Los Angeles Dodgers utility man Chris Taylor was an All-Star in 2021. What a ride it’s been for the veteran, who was picked up off the scrap heap after an uninspiring start to his MLB career in Seattle.
Of course, the Dodgers turned him around. Like they did with Justin Turner, Max Muncy, Kenley Jansen and others.
They have a knack for this sort of thing.
However, Taylor could finish with his best campaign in the bigs yet … heading into a contract year.
Not great for the Dodgers when it comes to negotiating, but do they really need to negotiate? They print money and they’re arguably the best franchise in baseball over the last decade. Win-win!
In a positive development for Dodgers fans, the latest buzz suggests the front office is trying to get ahead of things before Taylor hits free agency.
The Dodgers are hoping to extend Chris Taylor before the end of 2021.
According to MLB insider Jeff Passan (subscription required), the Dodgers “have considered the possibility” of locking up Taylor in the middle of the season and it’s no surprise why. The value he’s brought to this team both offensively and defensively after the Dodgers lost guys like Joc Pederson and Kiké Hernandez is immeasurable.
So that got us thinking … what would a contract extension for Taylor actually look like given his performance in 2021 combined with his overall body of work? It’s really tough to say, but we’ll take a stab at it.
Taylor is in his age-30 season and it’s unlikely the Dodgers will invest heavily in another older player given their commitments to Justin Turner, Mookie Betts and AJ Pollock. We can also expect a new deal for Clayton Kershaw.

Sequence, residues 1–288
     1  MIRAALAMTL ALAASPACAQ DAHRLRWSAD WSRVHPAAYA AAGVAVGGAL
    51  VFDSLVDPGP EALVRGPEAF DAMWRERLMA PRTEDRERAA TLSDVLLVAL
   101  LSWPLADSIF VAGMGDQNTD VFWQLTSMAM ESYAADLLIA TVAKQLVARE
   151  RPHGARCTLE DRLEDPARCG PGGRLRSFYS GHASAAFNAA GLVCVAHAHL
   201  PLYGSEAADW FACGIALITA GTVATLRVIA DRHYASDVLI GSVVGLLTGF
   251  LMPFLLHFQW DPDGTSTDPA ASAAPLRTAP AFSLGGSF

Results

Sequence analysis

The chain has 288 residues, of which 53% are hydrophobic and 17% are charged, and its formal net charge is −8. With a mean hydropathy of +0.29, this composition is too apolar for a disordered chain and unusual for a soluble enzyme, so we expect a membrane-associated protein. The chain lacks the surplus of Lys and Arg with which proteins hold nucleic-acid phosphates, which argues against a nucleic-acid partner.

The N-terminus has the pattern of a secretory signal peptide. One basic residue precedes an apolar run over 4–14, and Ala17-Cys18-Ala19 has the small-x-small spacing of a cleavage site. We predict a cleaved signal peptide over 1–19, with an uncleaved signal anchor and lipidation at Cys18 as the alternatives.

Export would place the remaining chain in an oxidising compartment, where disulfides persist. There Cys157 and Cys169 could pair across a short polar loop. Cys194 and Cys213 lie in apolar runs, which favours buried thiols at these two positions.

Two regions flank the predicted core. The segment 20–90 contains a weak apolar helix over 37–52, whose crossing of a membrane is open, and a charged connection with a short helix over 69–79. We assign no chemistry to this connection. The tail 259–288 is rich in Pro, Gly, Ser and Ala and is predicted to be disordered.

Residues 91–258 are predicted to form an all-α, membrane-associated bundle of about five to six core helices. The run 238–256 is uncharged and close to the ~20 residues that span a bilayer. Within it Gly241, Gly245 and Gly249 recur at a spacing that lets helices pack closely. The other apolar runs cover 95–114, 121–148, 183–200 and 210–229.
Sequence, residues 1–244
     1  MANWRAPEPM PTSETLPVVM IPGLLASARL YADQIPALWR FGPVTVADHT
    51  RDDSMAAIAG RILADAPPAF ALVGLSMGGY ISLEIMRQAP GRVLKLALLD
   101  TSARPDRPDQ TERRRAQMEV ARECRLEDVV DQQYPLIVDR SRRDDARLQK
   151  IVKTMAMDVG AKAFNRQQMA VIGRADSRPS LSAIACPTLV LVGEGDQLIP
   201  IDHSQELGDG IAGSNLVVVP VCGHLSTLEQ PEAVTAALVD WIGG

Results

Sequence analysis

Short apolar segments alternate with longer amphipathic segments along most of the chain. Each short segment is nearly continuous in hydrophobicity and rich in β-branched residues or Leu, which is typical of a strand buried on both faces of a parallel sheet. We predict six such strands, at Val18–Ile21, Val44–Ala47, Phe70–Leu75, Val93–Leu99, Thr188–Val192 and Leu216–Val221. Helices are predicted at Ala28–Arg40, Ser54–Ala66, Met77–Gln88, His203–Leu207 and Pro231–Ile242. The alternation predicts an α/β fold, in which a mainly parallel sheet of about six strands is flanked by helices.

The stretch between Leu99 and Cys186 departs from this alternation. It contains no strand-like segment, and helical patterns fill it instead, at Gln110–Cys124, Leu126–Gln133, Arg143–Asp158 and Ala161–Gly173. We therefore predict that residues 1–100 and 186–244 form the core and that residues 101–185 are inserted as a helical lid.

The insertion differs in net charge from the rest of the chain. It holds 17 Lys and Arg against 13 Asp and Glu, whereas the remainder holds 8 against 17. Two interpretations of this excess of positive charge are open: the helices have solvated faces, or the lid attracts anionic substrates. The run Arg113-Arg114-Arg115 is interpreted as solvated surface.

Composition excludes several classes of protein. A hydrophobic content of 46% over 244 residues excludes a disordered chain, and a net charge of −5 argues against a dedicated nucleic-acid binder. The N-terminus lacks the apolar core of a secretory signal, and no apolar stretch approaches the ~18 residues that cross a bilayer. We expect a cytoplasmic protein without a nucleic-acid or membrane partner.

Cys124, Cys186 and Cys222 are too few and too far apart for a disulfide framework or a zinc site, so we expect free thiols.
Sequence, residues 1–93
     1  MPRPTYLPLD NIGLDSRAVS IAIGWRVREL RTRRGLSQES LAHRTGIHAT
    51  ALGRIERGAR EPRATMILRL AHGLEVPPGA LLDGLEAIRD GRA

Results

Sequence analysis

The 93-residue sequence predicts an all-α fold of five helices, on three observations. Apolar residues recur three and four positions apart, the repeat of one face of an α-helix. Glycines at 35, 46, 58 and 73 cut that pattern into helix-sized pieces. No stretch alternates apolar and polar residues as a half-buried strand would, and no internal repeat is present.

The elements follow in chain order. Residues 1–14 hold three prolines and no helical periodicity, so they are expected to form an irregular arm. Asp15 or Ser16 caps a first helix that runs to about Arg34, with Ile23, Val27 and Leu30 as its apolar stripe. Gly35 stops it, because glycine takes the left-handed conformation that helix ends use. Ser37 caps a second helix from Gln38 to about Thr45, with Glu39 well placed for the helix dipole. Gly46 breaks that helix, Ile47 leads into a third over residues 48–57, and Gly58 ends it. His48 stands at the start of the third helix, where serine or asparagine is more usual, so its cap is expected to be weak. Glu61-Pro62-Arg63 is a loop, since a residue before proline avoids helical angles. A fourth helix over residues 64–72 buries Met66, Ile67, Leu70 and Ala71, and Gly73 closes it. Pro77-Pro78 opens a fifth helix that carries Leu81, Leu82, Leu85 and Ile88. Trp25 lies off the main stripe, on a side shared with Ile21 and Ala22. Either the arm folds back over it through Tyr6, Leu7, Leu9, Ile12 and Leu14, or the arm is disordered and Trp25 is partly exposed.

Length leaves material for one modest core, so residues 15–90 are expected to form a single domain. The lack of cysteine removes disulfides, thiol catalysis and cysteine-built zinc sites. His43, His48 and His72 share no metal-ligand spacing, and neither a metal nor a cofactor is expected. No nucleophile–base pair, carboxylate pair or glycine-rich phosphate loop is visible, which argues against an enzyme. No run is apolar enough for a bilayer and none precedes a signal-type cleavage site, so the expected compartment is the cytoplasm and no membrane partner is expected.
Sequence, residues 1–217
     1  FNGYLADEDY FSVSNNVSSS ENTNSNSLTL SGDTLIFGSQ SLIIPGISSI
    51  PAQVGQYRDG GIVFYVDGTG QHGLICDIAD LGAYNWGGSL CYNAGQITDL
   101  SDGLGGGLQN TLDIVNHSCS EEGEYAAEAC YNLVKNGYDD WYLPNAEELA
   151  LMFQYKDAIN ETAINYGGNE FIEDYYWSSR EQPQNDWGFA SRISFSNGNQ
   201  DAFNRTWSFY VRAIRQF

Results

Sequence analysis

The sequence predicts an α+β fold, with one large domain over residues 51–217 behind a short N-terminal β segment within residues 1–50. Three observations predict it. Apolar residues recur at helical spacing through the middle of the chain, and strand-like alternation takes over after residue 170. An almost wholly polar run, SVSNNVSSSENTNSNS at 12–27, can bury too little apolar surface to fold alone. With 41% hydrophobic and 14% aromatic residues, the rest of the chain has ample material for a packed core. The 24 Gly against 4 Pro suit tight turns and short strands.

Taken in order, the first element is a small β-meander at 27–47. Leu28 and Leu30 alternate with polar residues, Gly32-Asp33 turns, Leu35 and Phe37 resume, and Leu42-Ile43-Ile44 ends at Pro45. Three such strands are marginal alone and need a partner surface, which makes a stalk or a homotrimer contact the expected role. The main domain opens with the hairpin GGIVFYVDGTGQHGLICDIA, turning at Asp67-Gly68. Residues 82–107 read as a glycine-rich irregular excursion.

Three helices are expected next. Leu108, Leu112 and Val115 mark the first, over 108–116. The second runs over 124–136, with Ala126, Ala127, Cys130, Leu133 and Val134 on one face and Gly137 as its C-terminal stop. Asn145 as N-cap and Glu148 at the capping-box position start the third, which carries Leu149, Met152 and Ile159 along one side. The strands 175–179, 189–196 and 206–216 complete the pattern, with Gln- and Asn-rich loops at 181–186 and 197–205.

How does a four-year, $56 million contract sound? That’s $14 million per season to be a part of a championship nucleus. Remember, the Dodgers do have a lot of money coming off the books after 2021, but they need to figure out their situations with Kershaw, Jansen, Corey Seager, Trevor Bauer, Joe Kelly, and a few other minor figures.
This move would double Taylor’s highest salary of his MLB career for the next four seasons, taking him through his age-34 campaign. For his Dodgers career, Taylor has slashed .267/.345/.461 (.806 OPS) and has played every infield position with the exception of first base, catcher and pitcher while providing a positive dWAR.
This seems like a win for everyone. The Dodgers can keep their guy without breaking the bank while Taylor can cash out without dealing with free agency, which has proven to be arduous for the players over the last three years.
It’d be a fitting way to keep both parties happy after a 2020 World Series win and Taylor’s first All-Star nod in 2021. Who knows … maybe they’ll be celebrating another championship in a few months, too.